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Columnists >

Why Syria is not yet a just war

Paul Vallely

by Paul Vallely

Posted: 28 Aug 2013 @ 11:42

Diplomatic means should be explored before military action, says Paul Vallely

A SHIVER of apprehension ran down my spine when I heard that Downing Street has said that the UK is drawing up contingency plans for military action in response to the chemical weapons attack in Syria. And the Foreign Secretary William Hague said that unilateral military action might be needed without the sanction of the United Nations.

We have been here before, as we were reminded when Tony Blair joined the debate this week, saying that the enduring controversy over his decision to invade Iraq in 2003 should not stop politicians from acting now on Syria. We should stop wringing our hands, he said. But military action is not the only alternative to hand-wringing. It is by no means clear that all other means are exhausted.

In the United States, President Obama painted himself into a corner last year by saying that the use of chemical weapons would be a "red line" which, if crossed, would force US intervention.

Now they have indisputably been used. Yet, although the West seems to be of one mind that the Assad regime is responsible, we have not yet seen the proof, and that matters. Chemical weapons, Washington said this week, were a "moral obscenity". Some weapons are certainly more horrific than others. Chemical weapons raise our levels of disgust and outrage. But it is not clear that they alter the moral argument.

An application of the precepts of the just war shows this. Intervening to prevent the killing of children and other innocents is clearly a just cause. Right intention is evident, too. But the just-war criteria demand that force is a last resort, has competent authority, is proportionate, and has a good prospect of success. None of these are fully present.

Although the international diplomatic situation is fixed, it is not yet a stalemate. Russia has made movement in agreeing to force Syria to allow UN weapons inspectors to the site where 300 or more died last week. Competent authority would suggest a resolution by the UN Security Council, on which Syria's allies Russia and China have a veto. The requirement is not absolute; Kosovo was a just intervention without a UN resolution, but Iraq showed how problems can arise from precipitate action.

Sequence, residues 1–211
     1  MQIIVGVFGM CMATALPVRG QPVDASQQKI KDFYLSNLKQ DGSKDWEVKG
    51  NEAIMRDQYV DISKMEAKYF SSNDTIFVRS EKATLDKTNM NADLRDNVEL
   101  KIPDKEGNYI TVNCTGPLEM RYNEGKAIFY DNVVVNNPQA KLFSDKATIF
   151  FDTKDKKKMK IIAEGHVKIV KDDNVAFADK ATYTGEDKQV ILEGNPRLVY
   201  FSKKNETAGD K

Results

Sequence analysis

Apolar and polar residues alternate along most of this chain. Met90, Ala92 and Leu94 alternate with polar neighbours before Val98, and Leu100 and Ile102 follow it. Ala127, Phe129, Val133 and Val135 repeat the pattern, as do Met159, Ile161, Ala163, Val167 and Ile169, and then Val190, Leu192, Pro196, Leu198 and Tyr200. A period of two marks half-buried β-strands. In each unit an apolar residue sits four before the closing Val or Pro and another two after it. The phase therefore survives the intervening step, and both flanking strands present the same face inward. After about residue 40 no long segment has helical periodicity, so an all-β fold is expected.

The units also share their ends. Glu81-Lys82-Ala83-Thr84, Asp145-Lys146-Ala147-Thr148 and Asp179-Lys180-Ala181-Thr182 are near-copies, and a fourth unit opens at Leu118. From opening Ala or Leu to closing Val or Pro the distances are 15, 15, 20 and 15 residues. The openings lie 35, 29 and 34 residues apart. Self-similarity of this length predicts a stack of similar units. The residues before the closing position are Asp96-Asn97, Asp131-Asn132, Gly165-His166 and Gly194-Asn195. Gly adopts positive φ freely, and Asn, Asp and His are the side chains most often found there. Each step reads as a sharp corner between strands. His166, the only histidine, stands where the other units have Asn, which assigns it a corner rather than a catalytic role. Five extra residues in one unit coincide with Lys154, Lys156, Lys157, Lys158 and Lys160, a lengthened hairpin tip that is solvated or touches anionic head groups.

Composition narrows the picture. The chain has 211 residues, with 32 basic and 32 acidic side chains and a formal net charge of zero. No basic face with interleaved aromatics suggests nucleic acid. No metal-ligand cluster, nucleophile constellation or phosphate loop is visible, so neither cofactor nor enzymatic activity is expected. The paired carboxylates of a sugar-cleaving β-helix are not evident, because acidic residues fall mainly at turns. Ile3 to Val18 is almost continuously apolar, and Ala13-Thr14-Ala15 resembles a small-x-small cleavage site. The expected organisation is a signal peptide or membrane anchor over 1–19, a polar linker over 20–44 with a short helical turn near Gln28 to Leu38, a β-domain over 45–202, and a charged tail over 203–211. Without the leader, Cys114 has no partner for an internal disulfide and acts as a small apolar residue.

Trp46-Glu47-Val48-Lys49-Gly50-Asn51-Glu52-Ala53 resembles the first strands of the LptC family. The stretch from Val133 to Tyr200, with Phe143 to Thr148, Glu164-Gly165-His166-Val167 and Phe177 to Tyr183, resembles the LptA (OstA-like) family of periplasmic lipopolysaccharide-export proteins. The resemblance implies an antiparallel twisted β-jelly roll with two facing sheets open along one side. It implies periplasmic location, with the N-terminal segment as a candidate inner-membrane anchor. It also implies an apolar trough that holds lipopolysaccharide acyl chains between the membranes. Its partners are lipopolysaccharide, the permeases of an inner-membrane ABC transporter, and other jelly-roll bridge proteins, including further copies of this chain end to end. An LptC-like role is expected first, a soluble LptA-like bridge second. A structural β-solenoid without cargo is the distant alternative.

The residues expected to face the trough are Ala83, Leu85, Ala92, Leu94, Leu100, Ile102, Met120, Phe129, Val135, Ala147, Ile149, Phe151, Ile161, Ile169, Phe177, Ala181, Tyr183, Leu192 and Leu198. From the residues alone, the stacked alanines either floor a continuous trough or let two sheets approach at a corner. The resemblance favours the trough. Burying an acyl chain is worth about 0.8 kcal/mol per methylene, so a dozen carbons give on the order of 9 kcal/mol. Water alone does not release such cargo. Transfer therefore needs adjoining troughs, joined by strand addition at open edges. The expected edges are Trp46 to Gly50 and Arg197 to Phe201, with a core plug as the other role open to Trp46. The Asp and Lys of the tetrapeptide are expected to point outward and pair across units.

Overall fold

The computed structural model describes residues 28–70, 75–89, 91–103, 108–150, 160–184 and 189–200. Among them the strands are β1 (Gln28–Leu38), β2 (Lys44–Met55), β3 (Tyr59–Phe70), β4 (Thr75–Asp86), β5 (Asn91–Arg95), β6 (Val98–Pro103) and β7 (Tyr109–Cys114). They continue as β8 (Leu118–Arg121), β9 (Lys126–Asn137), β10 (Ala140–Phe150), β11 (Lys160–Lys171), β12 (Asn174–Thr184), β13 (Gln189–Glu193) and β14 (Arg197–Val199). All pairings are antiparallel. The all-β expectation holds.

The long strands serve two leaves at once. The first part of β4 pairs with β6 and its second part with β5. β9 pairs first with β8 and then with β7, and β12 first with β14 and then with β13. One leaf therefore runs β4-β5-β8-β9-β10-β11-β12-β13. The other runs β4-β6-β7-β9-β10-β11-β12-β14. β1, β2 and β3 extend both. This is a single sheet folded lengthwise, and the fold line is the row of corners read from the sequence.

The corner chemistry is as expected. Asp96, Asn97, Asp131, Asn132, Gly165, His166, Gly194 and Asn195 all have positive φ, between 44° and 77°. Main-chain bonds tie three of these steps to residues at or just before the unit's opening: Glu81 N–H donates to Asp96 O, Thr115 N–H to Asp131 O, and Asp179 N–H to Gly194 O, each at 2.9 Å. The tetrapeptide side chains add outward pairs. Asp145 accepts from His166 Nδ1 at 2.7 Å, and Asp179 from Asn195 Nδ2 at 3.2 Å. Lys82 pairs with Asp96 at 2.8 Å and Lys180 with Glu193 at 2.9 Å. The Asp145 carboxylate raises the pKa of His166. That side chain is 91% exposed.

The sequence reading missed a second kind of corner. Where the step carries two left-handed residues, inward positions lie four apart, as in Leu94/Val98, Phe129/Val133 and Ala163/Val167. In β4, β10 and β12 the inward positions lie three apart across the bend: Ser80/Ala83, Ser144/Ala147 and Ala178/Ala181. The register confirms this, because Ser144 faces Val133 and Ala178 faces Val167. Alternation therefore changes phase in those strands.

Proportion sounds plausible, with the talk of a single air strike to signal to President Assad that he cannot use chemical weapons with impunity. But history suggests that air strikes have a tendency to escalate. In the past, they have led to Western boots on the ground, and situations from which exit strategies become tricky to devise, and which radicalise the opposition. But escalation could also spread the conflict to Lebanon, Turkey, Iraq, Israel, and even Iran. Where would arguments about proportionality stand then?

The "prospect of success" is deeply problematic, too, for it is not even clear what would constitute success. The Shadow Foreign Secretary, Douglas Alexander, showed some insight on this, when he asked whether military action would or could simply "degrade Assad's chemical-weapons capability", or whether it would involve taking sides in a bitter civil war. Since al-Qaeda is prominent in the rebel alliance, this is not a simple matter.

The outraged demand that "something must be done" should not bully us into doing the wrong thing. A signal needs to be sent to President Assad that he cannot use chemical weapons with impunity. But it could yet be diplomatic. Russia and Iran were both pressured to shift on their intransigence against UN weapons inspections. That has shown that the international disunity on which the Assad regime has relied need not be permanent. There is more to be achieved by diplomacy before the Cruise missiles are dispatched.

 

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